I don’t know much about class action lawsuits, but I suppose your response would be that those consumers who felt injured by AT&T failing to deliver as promised on internet service should sue and those consumers who did not feel injured should not sue. What is the basis for dragging people into a class action lawsuit who did not want to sue?

    And one final point about lawyers. Wouldn’t lawyers in general make more money having (supposedly) thousands of lawsuits than just one? Or because the payout of $2 per customer is so small there would not be thousands of lawsuits and no lawyer would take on a case with such measly payout? It would probably be the later.

  2. “I’d guess that the total amount of money going to customers will be significantly less than $1 million. The lawyer who brought the case is getting $11 million plus $3.75 million . . .”

    How is this possible? Do you have a citation for this? Most plaintiff lawyers work for a 30% contingent fee.

  3. Tom, I’m not interested in defending AT&T. However, if you did not get your money’s worth, you could at any time change providers. That was your choice. Now you don’t have the choice–you’re forced to get another provider.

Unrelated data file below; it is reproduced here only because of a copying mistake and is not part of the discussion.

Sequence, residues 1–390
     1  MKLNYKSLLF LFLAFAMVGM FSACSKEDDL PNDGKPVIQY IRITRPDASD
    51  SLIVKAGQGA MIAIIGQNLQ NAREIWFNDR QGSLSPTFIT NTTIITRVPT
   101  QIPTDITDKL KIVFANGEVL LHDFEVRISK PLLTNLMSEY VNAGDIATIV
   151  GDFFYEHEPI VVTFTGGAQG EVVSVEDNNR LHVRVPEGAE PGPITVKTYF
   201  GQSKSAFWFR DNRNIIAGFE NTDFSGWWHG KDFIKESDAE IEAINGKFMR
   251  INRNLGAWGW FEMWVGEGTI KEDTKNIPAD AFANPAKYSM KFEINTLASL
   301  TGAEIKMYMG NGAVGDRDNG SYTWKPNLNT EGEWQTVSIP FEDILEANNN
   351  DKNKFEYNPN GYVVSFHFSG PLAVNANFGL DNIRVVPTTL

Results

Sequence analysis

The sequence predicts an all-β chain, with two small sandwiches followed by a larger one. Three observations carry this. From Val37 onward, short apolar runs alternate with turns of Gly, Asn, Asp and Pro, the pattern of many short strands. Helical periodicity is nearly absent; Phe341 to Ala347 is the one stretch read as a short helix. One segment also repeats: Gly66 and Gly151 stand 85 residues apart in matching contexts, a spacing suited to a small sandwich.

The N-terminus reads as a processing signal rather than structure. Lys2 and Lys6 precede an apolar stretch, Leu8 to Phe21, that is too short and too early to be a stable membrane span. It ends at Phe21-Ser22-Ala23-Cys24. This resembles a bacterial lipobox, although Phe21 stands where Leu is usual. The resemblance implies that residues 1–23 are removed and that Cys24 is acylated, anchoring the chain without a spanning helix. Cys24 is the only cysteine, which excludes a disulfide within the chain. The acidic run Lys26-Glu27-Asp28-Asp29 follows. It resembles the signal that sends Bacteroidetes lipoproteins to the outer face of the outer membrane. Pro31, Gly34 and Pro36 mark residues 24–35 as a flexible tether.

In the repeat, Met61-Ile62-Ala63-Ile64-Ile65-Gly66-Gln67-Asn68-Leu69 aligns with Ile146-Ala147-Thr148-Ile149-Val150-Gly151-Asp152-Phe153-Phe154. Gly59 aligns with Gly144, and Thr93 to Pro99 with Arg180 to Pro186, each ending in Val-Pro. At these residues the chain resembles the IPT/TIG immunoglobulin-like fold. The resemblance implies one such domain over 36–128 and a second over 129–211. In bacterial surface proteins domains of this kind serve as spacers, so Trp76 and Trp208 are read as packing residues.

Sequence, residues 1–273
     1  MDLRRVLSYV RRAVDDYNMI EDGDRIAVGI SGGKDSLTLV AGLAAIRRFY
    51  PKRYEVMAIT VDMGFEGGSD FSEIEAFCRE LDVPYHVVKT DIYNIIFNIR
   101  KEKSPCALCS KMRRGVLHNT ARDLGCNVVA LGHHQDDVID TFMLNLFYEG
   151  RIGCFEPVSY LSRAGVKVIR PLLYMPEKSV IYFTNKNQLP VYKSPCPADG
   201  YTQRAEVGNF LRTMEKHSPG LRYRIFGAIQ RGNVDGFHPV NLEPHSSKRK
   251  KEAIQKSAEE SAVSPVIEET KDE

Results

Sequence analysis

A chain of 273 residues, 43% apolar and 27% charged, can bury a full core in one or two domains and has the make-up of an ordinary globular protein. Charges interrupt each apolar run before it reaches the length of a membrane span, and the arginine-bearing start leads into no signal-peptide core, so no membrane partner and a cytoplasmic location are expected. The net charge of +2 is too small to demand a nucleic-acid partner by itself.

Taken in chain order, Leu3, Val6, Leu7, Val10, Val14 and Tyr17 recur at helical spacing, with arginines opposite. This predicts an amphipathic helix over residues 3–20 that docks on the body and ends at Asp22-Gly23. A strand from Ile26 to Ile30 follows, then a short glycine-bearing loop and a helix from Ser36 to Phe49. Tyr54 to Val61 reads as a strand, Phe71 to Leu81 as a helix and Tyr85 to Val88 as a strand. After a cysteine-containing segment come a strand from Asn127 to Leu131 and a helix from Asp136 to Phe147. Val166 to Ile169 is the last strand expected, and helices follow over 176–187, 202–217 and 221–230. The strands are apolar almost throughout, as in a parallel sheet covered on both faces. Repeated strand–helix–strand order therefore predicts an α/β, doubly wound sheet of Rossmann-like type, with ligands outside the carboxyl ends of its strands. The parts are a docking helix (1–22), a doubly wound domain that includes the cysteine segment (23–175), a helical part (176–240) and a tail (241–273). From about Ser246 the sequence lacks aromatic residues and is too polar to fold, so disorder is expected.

4. There may be situations where a class action suit helps consumers. But the payout to each must be much larger to be a significant benefit. When the payout is this small, it raises the question whether the suit was trivial.

  5. Our nation’s class action system – originally designed to help the little guy – has run amok, most times benefiting only the personal injury lawyers. As we saw in a class action suit against Ford Motor Company, the lawyers involved were recently awarded $25 million. Their clients? They received a $500 voucher.

    The general population suffers as well. Explosive litigation can drive companies out of business (putting workers out of a job) and increase the costs we pay for goods and services.